Sunday, 14 August 2011

Black sesame chiffon cake

Ever since I got Keiko Ishida’s Okashi: sweet treats made with love, I’ve been eyeing off the three chiffon cakes and waiting for a chance. It happened to be Alida Irwin’s 111th birthday recently, and I put together a Japanese meal – I thought she, as a woman of the 1920s, might find a touch of the Orient interesting and exotic, but it turned out she’d already been there twice and had actually done a stint as a Noh entertainer while carving out her illustrious career as an undercover spy. But I digress.

For dessert I decided at the last minute to have a go at Keiko’s black sesame chiffon cake, which looked so majestic, tall and plain, pure white on the outside and porous grey-black inside. It seemed my regular non-stick little-used Bundt tin might do for it; I even had black sesame seeds on hand. And it wasn’t bad, for a first go, and for one with no concept whatsoever about chiffon cakes.

Its strangely elastic yet light texture, which seemed at odds with its 5 eggs, piqued my interest, and I decided to look further into the subject. On Google, I found chiffon cake was, variously, a Malaysian sweet and one invented by a Californian salesman in the 1940s. Either way, a tube tin that wasn’t non-stick or even greased was needed, and ideally would have little feet at the top so it could be inverted to cool the baked cake – eliminating collapse. Various sources claimed chiffon cake tins could be got at any Asian grocery for a song.

I embarked on a quest through the not-inconsiderable number of Asian groceries in my area, spreading out from Brunswick Street to Richmond and Chinatown. No one had ever heard of them. I eventually got the tin at London & American stores, though it was 23 rather than 20cm. And I found it rusted if any water was allowed to be in its vicinity for longer than a few minutes, so it’s one of those things that has to be dried in a warm oven after washing.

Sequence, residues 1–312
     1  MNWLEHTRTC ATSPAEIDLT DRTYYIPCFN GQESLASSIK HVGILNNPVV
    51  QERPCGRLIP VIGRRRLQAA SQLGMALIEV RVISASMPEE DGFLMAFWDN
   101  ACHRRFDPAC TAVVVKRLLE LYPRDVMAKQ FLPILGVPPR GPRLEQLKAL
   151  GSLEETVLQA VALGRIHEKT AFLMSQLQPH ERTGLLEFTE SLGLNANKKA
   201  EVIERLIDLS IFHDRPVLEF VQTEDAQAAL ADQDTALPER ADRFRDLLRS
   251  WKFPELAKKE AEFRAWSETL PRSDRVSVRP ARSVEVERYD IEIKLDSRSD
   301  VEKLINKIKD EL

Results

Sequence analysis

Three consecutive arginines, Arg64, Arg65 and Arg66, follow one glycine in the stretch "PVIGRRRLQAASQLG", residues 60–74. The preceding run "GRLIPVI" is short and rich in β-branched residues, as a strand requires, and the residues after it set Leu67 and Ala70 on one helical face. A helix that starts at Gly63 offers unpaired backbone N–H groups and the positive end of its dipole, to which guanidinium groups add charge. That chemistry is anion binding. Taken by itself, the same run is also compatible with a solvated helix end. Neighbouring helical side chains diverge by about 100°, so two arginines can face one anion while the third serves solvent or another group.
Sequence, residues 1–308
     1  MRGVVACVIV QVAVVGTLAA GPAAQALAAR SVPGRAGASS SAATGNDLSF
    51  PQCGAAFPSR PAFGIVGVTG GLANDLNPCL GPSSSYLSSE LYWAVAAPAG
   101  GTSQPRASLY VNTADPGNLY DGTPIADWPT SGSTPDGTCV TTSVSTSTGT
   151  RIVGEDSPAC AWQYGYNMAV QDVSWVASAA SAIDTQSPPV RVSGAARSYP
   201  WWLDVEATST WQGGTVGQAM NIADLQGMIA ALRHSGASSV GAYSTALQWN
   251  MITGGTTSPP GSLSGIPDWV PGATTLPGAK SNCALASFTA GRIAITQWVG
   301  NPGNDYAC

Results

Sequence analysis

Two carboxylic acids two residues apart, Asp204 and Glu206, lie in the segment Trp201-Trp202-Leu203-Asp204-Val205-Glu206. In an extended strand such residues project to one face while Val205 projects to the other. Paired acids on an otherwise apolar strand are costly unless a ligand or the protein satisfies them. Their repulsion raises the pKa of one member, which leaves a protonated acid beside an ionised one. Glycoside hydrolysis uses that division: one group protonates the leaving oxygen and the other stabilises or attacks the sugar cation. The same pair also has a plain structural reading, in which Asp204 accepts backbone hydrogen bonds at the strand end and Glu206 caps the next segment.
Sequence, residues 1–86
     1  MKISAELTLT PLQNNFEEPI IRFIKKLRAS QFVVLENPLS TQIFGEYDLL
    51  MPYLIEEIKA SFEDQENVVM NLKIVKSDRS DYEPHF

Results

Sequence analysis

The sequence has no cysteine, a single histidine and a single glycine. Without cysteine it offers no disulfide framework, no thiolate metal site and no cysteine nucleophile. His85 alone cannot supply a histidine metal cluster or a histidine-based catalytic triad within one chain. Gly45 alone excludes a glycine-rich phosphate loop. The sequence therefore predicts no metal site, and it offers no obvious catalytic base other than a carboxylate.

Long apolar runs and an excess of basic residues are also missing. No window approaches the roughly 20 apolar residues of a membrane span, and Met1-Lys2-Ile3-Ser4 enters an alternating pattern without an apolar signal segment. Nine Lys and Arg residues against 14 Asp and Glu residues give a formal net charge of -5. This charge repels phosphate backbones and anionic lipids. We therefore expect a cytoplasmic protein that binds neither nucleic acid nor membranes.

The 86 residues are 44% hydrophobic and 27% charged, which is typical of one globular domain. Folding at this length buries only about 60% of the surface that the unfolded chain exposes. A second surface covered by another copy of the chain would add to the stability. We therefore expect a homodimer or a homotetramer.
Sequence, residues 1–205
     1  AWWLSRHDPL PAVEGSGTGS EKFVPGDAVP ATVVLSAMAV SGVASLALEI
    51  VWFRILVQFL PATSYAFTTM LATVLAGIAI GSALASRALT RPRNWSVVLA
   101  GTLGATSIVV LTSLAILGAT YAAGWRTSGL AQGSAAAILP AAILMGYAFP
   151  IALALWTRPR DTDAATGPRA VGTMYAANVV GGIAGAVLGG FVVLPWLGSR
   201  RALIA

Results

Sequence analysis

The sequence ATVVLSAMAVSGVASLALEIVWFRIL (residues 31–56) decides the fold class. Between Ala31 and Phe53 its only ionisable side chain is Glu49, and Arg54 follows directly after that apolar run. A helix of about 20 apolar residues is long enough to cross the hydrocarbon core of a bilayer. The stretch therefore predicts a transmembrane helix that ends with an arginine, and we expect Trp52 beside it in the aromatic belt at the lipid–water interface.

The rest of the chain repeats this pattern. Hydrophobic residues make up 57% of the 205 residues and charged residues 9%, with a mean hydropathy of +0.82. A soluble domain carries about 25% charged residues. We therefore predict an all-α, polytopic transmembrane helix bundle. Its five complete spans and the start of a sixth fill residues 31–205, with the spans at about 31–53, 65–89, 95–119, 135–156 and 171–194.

Black sesame paste was another challenge, with treks to Minh Phat for items thus labelled yielding a sprinkle-able gray powder before the much more paste-like version was found.

So after all that, I put it together without any fuss, but the hard-won cake tin didn’t yield as good a result as Alida’s. It was rather vertically challenged and sad, though its texture and taste was good. Still, I’ll have another go at the red bean and matcha versions – after all, I spent $28 on another cake tin, and by God it will be put to use.

 (adapted from Keiko Ishida)
5 egg yolks
20g brown sugar
30g black sesame paste
60g water (yep, by weight)
40g vegetable oil
20g black toasted sesame seeds

5 egg whites
90g caster sugar
10g rice or corn flour
70g cake flour

250mL cream
20g caster sugar
more black sesame seeds to garnish

Centre a rack in the oven so a tallish tin can fit in, and preheat it to 170C. Sift flour.

Combine egg yolks, brown sugar and black sesame paste in a bowl and mix well. Add water and oil and mix well. Add flour and mix until batter becomes sticky, then fold in black sesame seeds.

For the meringue, combine sugar and corn flour. Beat egg whites until foamy. Gradually add sugar mixture and continue whisking till whites are glossy, with stiff peaks.

Add a third of the meringue into egg yolk mixture and fold lightly before folding in the remainder to just incorporate – you don’t want the weighty yolk mixture to deflate the buoyancy of the whites.Not that you necessarily want the pockets of white that I had, either.

Pour batter into an ungreased chiffon cake tin – I cut out a circle of baking paper to line the bottom, but that was all. Bake for 50 minutes. When cake is light brown on top, remove from the oven and turn it over, leaving it to cool.

Whip together the cream and sugar, and ice the cake with a spatula, avoiding crumb spreadage as best you can.

To remove chiffon cake from pan, run a spatula along the sides of the cake to release it. 
The next day, about a third its proper height

1 comment:

  1. Is that the BEST INTRO EVER? Or is it just me?

    It was certainly a cake to behold. And consume. And make again.